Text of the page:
Evil disguised as common sense is as American as Thanksgiving, and now we have research to back it up. An international gaggle of well-meaning researchers spent a year talking to Americans and have produced a study called “Hidden Tribes: A Study of America’s Polarized Landscape.”
They asked a big question: why is America so polarized? That large question has a pretty simple answer: because some people are fine with racism and fascism, and some people aren’t.
In a heroic effort to make the simple complex, an organization called More in Common divided Americans into seven groups, labeled each one a tribe, and gave each one specific characteristics. It’s depressing reading for two reasons.
One, it ignores the fact that tribalism is a function of privilege. Black people, Hispanic people, poor people, and other groups marginalized by mainstream America have never had the luxury of sorting themselves into tribes because they’ve always been defined as The Other by white middle-class America. The tribal sorting has already been done for them.
Two, and by far the most depressing, is that the Hidden Tribes study clearly shows that this country is profoundly right-wing and segregated. Millions of Americans disguise their enabling of corrupt policies and our slide toward being an authoritarian society run by the rich by claiming to be disgusted, befuddled, and turned off to politics.
Silence is consent. And the study shows a majority of people in the United States are remaining silent about Trump’s white nationalist horror show. The study shows they’re upset by the country’s “partisan tone,” that they’re turned off by “negative politics” and that they’ve become passive in the face of the biggest threat to American democracy since the Civil War.
But it’s actually worse than that. Examine their answers, and you find a toxic theme of both-sidesism, where the Trumpistas trying to turn this country into a mash-up of the Russian Federation and the Confederate States and the people fighting them are equally guilty of poisoning the American spirit. It’s like walking into a 19th century critical care ward and talking to sick patients who blame both smallpox and the smallpox vaccine for their illness.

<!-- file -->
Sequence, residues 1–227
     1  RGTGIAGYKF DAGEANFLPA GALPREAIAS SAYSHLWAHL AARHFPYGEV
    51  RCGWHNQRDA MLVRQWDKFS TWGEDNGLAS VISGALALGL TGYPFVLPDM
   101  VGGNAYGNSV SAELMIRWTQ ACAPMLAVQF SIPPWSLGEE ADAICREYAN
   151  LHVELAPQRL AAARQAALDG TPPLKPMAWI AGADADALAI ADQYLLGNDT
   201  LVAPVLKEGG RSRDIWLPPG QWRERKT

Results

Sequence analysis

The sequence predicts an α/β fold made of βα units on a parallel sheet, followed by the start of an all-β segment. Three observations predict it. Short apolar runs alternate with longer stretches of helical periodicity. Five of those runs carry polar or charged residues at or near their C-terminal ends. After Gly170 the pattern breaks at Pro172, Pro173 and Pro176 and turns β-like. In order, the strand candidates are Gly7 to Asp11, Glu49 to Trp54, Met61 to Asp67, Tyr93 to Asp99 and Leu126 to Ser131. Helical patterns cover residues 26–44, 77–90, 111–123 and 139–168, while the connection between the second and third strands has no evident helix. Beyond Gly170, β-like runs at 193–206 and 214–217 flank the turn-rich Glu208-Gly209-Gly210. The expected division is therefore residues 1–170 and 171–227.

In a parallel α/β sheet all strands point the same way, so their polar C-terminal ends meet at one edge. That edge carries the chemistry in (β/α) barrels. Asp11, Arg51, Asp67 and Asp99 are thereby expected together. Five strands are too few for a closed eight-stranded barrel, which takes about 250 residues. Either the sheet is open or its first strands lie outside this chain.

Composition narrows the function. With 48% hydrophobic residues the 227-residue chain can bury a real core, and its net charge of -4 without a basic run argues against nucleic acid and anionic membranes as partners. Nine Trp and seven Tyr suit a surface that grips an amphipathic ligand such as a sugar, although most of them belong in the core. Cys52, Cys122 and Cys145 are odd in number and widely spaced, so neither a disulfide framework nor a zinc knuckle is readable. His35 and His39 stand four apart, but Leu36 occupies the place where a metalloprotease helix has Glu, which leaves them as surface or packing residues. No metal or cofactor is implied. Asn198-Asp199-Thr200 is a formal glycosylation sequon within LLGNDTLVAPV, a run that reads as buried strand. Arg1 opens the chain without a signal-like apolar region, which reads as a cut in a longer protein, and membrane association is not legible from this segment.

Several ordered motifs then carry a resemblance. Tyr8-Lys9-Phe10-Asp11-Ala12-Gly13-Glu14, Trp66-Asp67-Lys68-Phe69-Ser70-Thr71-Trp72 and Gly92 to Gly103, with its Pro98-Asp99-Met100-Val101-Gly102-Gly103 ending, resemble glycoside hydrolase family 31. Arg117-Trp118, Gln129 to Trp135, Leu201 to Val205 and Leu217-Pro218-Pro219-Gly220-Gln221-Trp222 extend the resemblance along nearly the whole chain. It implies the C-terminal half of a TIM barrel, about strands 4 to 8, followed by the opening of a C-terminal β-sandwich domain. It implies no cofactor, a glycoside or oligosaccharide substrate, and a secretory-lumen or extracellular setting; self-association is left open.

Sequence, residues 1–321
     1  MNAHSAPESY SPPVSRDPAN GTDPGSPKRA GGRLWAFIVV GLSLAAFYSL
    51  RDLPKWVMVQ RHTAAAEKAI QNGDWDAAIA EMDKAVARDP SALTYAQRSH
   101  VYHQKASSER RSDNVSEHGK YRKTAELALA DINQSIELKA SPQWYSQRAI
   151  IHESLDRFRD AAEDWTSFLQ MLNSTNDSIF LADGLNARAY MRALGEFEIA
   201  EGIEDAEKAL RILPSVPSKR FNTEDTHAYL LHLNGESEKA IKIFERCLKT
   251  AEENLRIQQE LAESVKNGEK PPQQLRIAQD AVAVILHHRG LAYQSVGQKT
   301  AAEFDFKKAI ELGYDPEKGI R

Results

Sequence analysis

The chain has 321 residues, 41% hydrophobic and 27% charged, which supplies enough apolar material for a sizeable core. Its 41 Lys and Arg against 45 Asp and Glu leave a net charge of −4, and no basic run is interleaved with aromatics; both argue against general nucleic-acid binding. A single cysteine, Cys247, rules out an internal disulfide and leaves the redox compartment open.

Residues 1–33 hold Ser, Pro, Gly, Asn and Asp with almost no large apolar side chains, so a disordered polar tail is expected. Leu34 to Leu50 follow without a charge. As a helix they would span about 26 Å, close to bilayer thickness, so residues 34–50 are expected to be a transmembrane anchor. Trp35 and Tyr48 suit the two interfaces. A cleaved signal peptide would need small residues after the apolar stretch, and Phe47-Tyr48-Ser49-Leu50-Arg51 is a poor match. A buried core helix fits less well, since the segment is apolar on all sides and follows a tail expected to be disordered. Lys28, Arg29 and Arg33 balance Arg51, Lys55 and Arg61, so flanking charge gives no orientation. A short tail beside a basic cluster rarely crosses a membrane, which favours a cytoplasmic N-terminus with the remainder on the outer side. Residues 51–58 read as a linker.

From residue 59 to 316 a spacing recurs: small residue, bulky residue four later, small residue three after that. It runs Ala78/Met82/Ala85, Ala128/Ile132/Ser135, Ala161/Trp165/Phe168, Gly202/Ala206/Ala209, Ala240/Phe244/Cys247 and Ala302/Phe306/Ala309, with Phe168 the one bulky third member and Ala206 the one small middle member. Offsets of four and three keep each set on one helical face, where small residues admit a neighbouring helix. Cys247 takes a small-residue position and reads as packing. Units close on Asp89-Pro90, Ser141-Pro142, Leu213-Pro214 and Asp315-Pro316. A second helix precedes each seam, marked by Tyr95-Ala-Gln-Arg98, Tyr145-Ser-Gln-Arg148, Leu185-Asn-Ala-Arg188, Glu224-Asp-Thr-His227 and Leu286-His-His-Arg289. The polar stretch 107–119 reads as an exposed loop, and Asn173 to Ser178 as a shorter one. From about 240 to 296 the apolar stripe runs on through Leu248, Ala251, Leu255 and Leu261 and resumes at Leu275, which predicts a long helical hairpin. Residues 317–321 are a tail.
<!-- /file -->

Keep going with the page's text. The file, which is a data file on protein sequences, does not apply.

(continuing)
In the Hidden Tribes study, researchers from More in Common lumped 67 percent of Americans into what they call the Exhausted Majority. But their descriptions of the subgroups included under that heading share one big trait: they don’t see Trump’s authoritarian racism as something that has to be opposed, but as something they can either compromise with, or simply ignore.
First among the Exhausted Majority are what they call Traditional Liberals, described as “cautious, rational, and idealistic. They value … compromise.” In plain English, they are cautious about opposing Trump, and think that they can compromise successfully with a GOP that’s become a white nativist party.
Next are what they call Passive Liberals. These people “feel isolated from their communities. They are insecure in their beliefs and avoid political conversations. They feel ... their lives are beyond their control.” In other words, they’re so scared of fascism’s rise that they’ve crawled back into their holes and pulled the holes in after them.